The awe-inspiring Facebook IPO is still in the pipeline, which is reportedly targeting May 17 as the fateful day. With less than a month to go before what promises to be the mother of all IPOs, the social-networking kingpin has put up first-quarter earnings.

Now, this isn't your usual fare of press releases and 10-Q filings, mind you. We're looking at an amended S-1 registration statement that the company has recently filed with the SEC. Facebook has updated the document to include its first-quarter results as well as a few other interesting tidbits.

First things first
Here's how Facebook's first quarter stacks up with the same quarter a year ago.


Q1 2011

Q1 2012


$731 million

$1.06 billion

Operating income

$388 million

$381 million

Net income

$233 million

$205 million

Diluted EPS



Source: Amended S-1 registration statement filed April 23.

Revenue jumped 45% to $1.06 billion, although the main reason why operating and net incomes were slightly lower was that marketing and research and development expenses jumped. Marketing costs rose from $68 million to $159 million, while R&D increased from $57 million to $153 million.

As far as the revenue breakdown is concerned, advertising actually ticked lower as a percentage of total revenue. A year ago, advertising comprised 87% of sales, while this quarter it was 82%. That doesn't mean Facebook is any less of a threat to Google (Nasdaq: GOOG), as ad sales still grew by 37% as Netizens continue to spend more time Facebooking -- which competes with the time they spend Googling.

A trial separation might be good for us
(Nasdaq: ZNGA) and Facebook are still rather cozy, even though the two are entwined in a loveless marriage. In the first quarter, Zynga was responsible for 11% of Facebook's revenue, compared to 12% for all of last year. In addition to that chunk, Zynga's apps generate pages where Facebook displays ads from other advertisers, meaning that Zynga was indirectly responsible for another 4% of revenue.

Facebook has updated its risk factors related to Zynga to reflect the threat that Zynga's new gaming platform represents, adding, "Zynga may choose to try to migrate users from existing Facebook-integrated games to other websites or platforms."

It's no secret that Zynga is making a big push into mobile platforms such as Android and Apple (Nasdaq: AAPL) iOS, even if that means buying its way to the top of the iOS App Store charts.

901 million and counting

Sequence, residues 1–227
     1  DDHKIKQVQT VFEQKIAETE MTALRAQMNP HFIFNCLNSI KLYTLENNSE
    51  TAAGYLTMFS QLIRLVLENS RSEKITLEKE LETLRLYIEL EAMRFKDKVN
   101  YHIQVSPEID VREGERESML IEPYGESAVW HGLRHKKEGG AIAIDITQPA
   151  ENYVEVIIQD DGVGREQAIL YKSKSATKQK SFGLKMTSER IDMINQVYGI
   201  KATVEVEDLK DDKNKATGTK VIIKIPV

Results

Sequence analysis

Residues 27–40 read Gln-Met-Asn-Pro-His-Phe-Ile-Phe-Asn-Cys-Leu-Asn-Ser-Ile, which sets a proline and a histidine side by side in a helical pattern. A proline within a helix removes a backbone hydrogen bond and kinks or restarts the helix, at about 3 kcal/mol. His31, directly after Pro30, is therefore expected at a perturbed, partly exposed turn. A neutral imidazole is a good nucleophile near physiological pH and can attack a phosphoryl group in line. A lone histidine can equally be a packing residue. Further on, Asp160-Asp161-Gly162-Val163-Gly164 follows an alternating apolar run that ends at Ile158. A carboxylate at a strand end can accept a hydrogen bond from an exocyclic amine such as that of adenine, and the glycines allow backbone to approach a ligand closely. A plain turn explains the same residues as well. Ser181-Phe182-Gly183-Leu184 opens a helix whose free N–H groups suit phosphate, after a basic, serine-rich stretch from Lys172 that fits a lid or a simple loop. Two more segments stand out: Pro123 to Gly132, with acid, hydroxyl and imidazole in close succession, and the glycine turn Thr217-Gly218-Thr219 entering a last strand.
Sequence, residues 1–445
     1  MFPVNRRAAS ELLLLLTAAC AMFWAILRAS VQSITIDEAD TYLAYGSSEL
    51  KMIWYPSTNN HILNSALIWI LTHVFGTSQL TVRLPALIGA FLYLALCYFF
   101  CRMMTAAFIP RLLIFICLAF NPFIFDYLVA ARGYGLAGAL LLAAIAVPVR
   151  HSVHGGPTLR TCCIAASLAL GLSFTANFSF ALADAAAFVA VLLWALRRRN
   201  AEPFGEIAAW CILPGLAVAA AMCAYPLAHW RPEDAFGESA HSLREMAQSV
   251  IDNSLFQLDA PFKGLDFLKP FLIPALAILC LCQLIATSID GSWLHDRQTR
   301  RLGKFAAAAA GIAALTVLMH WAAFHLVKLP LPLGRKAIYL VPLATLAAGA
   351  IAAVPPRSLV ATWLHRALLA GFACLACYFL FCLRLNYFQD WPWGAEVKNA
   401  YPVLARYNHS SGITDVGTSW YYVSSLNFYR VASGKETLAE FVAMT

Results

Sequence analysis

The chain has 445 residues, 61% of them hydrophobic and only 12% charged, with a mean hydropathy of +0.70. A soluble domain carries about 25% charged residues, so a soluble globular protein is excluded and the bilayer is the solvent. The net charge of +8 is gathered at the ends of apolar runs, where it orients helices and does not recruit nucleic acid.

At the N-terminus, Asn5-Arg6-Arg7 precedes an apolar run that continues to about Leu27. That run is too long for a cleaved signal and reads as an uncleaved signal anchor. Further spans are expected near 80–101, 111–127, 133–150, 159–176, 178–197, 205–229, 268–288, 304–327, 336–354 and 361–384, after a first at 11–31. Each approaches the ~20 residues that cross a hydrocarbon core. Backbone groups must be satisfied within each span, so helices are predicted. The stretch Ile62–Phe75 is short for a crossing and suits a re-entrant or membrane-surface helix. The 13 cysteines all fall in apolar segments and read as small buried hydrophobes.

Facebook has reached another milestone with its user base. The company now boasts 901 million total monthly active users, or MAUs, up from 845 million last quarter and 680 million a year ago -- a 33% year-over-year increase. Daily active users, or DAUs, rose 41% to 526 million.

Emerging markets drove user growth. Facebook's Asia and rest of world geographical segments saw MAU gains of 47% and 50%, respectively, compared to the 15% and 20% respective MAU growth in the U.S./Canada and Europe regions.

Facebook "likes" when you go out drinking
There were an average of 3.2 billion "likes" and comments per day during the quarter, up from 2.7 billion seen in the prior quarter. Facebook uses these as a proxy for engagement, which it in turn uses to pitch ad sales; so every time you "like" that embarrassing picture of you making a fool (lowercase "f") of yourself at the bar last night, you're incrementally helping Facebook's ability to monetize you.

There are 488 million MAUs for Facebook's mobile products, which primarily consist of its Android and iOS offerings. Mobile growth is a major hurdle for Facebook in terms of monetization, but last month the company began including sponsored stories in mobile news feeds. Mobile product revenue still isn't "meaningful" quite yet, but it's a start.

Deal maker extraordinaire
A couple notable deals were also mentioned, including the $1 billion acquisition of social photo sharing service Instagram. The deal includes $300 million cash and 23 million shares of stock. If this deal falls through for some reason, Facebook is on the hook for a $200 million termination fee.

Facebook is also buying roughly 650 of the AOL (NYSE: AOL) patents that Microsoft (Nasdaq: MSFT) just bought. Just this month, the software giant paid up more than $1 billion for the IP, and it's now turning around and selling a chunk of those AOL patents to Facebook for $550 million, which will license them back to Mr. Softy.

A tall order to fill
Facebook now sports trailing-12-month net income of $974 million, meaning that it will be trading at more than 100 times earnings at the estimated $100 billion valuation that it's expected to fetch. That's a lofty valuation, but in fairness Facebook is socially disrupting the way we interact with the Internet while putting up 45% top-line growth in the process.

It might be worth it, after all.

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